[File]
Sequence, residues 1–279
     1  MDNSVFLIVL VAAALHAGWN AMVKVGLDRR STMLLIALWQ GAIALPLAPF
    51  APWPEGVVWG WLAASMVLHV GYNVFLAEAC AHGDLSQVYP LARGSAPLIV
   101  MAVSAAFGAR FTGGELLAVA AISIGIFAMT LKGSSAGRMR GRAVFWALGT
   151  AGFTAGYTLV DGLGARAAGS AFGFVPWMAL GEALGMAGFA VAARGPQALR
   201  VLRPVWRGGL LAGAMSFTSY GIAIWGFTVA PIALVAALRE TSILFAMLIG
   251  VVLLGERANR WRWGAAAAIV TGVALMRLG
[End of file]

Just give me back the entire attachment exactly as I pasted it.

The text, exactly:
Sequence, residues 1–279
     1  MDNSVFLIVL VAAALHAGWN AMVKVGLDRR STMLLIALWQ GAIALPLAPF
    51  APWPEGVVWG WLAASMVLHV GYNVFLAEAC AHGDLSQVYP LARGSAPLIV
   101  MAVSAAFGAR FTGGELLAVA AISIGIFAMT LKGSSAGRMR GRAVFWALGT
   151  AGFTAGYTLV DGLGARAAGS AFGFVPWMAL GEALGMAGFA VAARGPQALR
   201  VLRPVWRGGL LAGAMSFTSY GIAIWGFTVA PIALVAALRE TSILFAMLIG
   251  VVLLGERANR WRWGAAAAIV TGVALMRLG